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Mullaerts shares memories

Mullaert shares memories


     My name is Archie A. Mullaert. I was a member of the 99th Division since its start-up at Camp Van Dorn. I was a T/5 in Service Company 394th. I started out as a mechanic, then later became a truck driver.

     When we went overseas we were stationed in England then went to LeHavre. While in Belgium we didn't do much in the Ardennes Forest. The weather was bad.

     I got assigned to Cannon Company 394th as their kitchen truck driver. On the night of Dec. 15 I pulled guard duty and heard artillery going overhead. On the 16th I had to report back to Service Company to haul supplies from the depot. I traveled these roads all alone. Upon arriving at Service Company, fellow soldier Deskins informed me they took heavy artillery the night of the 15th and 16th and had to evacuate.

     I went back to Cannon Company and got in touch with Capt. Arnold to tell him what was going on. He went to check, came back, and had us pull out. We ended up in an abandoned artillery position at Krinkelt.

     The kitchen people and myself took refuge in an old artillery dug-out. That night we were under heavy artillery fire. We all huddled together in this dug-out. I remember there was a stove in there and one of the cooks made a fire. That night we were attacked by SS troops and separated from the rest of the men.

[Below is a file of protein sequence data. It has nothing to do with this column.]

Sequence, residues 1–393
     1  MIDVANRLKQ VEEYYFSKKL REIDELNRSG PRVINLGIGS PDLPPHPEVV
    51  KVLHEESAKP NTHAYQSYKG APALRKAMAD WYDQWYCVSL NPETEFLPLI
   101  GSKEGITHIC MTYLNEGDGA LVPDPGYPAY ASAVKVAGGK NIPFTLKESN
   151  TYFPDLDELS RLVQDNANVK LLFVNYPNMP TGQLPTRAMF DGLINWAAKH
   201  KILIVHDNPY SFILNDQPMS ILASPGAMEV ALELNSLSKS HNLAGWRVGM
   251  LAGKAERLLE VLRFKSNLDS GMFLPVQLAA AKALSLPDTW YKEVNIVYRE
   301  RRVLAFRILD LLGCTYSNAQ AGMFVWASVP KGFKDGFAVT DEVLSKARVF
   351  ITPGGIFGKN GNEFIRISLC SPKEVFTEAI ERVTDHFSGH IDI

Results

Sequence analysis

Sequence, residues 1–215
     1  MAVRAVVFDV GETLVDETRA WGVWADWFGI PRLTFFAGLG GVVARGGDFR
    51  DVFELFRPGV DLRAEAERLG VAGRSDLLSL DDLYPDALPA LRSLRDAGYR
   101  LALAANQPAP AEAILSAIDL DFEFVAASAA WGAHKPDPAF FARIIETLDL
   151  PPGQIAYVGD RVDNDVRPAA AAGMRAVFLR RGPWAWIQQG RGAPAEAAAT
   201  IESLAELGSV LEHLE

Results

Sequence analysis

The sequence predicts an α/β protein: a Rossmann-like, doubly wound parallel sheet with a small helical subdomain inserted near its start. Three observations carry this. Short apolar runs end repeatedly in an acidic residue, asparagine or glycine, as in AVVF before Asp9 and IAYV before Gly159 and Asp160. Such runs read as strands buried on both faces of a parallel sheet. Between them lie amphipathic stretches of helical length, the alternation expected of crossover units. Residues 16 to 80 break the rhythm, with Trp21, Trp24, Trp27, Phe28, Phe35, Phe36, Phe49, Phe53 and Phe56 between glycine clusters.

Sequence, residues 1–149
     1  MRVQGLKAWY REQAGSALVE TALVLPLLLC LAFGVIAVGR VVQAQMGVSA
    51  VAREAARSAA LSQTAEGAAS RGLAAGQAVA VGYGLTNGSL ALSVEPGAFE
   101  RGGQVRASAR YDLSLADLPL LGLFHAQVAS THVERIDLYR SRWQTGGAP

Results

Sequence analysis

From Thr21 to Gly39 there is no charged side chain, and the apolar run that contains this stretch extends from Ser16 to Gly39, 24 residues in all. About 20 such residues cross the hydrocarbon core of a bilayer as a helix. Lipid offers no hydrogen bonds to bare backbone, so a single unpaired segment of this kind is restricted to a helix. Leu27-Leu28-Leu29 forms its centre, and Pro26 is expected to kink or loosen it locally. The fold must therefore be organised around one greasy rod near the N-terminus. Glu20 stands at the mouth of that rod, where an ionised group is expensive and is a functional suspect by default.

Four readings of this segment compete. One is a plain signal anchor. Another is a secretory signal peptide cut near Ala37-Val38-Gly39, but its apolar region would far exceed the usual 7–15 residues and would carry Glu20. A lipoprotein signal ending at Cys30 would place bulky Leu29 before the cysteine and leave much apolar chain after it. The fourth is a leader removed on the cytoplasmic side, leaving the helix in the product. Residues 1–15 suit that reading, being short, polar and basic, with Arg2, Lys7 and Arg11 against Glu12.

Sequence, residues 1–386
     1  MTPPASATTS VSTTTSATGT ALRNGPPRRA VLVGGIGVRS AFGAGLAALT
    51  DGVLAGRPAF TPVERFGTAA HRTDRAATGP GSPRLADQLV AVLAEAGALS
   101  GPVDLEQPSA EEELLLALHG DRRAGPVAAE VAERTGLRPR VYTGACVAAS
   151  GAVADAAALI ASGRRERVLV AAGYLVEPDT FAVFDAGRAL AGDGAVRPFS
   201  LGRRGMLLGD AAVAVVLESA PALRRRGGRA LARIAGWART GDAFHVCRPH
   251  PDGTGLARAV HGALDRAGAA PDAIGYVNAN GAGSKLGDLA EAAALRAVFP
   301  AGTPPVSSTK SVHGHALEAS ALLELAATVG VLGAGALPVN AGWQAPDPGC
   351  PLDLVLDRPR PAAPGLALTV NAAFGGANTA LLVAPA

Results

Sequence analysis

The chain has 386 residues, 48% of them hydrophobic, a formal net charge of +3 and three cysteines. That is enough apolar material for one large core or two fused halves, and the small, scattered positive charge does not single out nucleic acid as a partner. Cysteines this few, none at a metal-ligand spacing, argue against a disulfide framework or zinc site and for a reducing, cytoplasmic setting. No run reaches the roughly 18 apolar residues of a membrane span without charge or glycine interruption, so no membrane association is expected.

While in the dug-out I remember a lieutenant apologizing to me when the shells were coming in because he was laying on top of me.

     I was told the cannons were firing point blank at the Germans. On the night of the 16th one of the cooks came upon our dug-out. Someone called for him to be recognized. He was silent and the cook in the dug-out shot him. After that he shouted his name and we got him in the dug-out and aided him.

     The dug-out had a tarp over it and I took my bayonet and cut part of it away.

     On the 17th we found an escape route. We manned the trucks and proceeded on this escape route only to come under heavy machine gun fire. The lieutenant decided it was time to surrender. He waved the white flag.

     We laid in the forest with the SS troops under heavy artillery fire. The jerries hadn't eaten for days. The sergeant told me to take them to my trailer and show them what food there was.

     Luckily, I had a chance to get my mackinaw and extra pair of socks. I tried to hide a loaf of bread under my arm but the young SS trooper gave me a friendly tap on my face and said, "Nix."

     I also got a picture of my wife from my dashboard. It was encased in a metal holder I had made. I had foreign money behind her picture and it stayed with me the whole time I was a prisoner.

     I tried my best to persuade the mess sergeant to hide out with me in a hillside dug-out and not surrender. He said he spent three years with his guys and was going to go with them.

     The first look I got of the superior German Army while being marched out was that they were in trouble. I saw one tank and a jerry was running alongside it pounding track pins back in place while it was rolling.

     These proud German officers with their little sports convertibles were being tied together three at a time to be towed to the combat area.

     The first five days we were in a barnyard. Our first food was some watery soup. We had to share it out of a steel helmet.

     We were marched to a POW camp in Dresden. I witnessed one of our planes shooting down a German plane.

     The rest of my POW life was spent on a death march. Some made it. Some didn't. Our only shelter was in barns. We slept on the cold ground and huddled together to keep warm. We wore the same clothes until we were liberated.

     I'm now 82 years old and in poor health. The captivity ruined me physically. I have a bad heart, cancer, bad hearing from artillery, and bad eyes.

Archie Mullaert

14 Sewickley St.

Herminie PA 15637

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